The Rolling Release Development Model
It would seem that some confusion has arisen due to the regular (and somewhat rapid) occurrence of new Manjaro releases. This confusion has been compounded still further by the use of version numbers (for example: 0.8.1, 0.8.2 and so on), a custom normally associated with the Standard Release Development Model, where a brand-new release of an operating system must be re-installed over an old version in order to access any new features provided.
However, Manjaro uses a Rolling Release Development Model, whereby rather than being replaced, the same core system will instead be continually updated and upgraded. As such it is not, nor will it ever be, necessary to re-install a later release of Manjaro in order to enjoy the very latest and most up-to-date system possible. By virtue of keeping an existing installation updated, it is already the latest release.
Why are new versions of Manjaro being released?
These releases are more accurately new snapshots of the Manjaro system. Just like photographs, these snapshots are in essence images that portray the Manjaro system at a particular point in its development. As such, one purpose they serve is to help the developers to both chart and evaluate the continued development of the Manjaro system, as it is of course easier to pick up on the finer details from a single image than from a moving picture.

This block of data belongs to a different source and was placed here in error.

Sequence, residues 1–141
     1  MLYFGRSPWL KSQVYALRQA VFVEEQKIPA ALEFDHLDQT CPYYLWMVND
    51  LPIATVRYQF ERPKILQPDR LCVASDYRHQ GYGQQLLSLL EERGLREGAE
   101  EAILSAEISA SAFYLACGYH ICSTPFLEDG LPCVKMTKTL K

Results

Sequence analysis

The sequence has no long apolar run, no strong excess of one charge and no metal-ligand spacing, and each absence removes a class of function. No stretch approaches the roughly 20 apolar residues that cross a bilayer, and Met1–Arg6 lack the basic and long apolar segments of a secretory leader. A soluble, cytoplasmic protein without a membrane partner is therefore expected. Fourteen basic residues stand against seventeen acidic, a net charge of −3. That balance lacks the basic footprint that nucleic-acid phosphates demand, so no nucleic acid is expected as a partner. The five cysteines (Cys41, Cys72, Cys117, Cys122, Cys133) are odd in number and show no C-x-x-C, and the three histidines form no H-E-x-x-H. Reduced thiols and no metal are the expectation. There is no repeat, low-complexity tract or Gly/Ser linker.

Furthermore, due to being in a beta stage of development, Manjaro is evolving at a very rapid pace. Existing users may themselves have noticed how frequently new software updates and upgrades have become available, and how much the system has changed in only a few months. As a consequence, a snapshot of the Manjaro system –-again rather like a photograph-– will very quickly become out of date. New snapshots are therefore also released in order to make life easier for new users, who may otherwise be faced with the prospect of downloading huge volumes of new software packages to update and upgrade their newly installed systems.
Where these snapshots most obviously differ is in the choice of pre-installed software applications provided, as well as other smaller tweaks such as the default theme(s) used. However, the core Manjaro system running underneath is the same, and any applications added or removed from a particular snapshot can also be added or removed from an existing installation. And – of course – users will tweak and customise their own systems in accordance with their own personal preferences and tastes, anyway. Again, irrespective of whatever release of Manjaro has been installed, provided it is kept up to date, then that will be the latest version available.
Why are new releases given version numbers?
Quite simply, version numbers have been assigned to snapshots of Manjaro by the developers to help them clearly mark each stage of its development. For example, amongst some other planned changes, once development has progressed to the stage where a user-friendly graphical interface has replaced the current text-based installer, then those snapshots will be assigned 0.9x version numbers.
Users may also have noticed that version numbers currently all begin with a zero. This is used to indicate to the public that Manjaro is currently still in a beta stage of testing and development, as it has not yet reached an officially stable first release. However, we do appreciate that the use of version numbers in this manner has indeed been the source of some confusion, and it is consequently likely that upon the first stable release of Manjaro, they will be replaced with the dates that the snapshots were taken.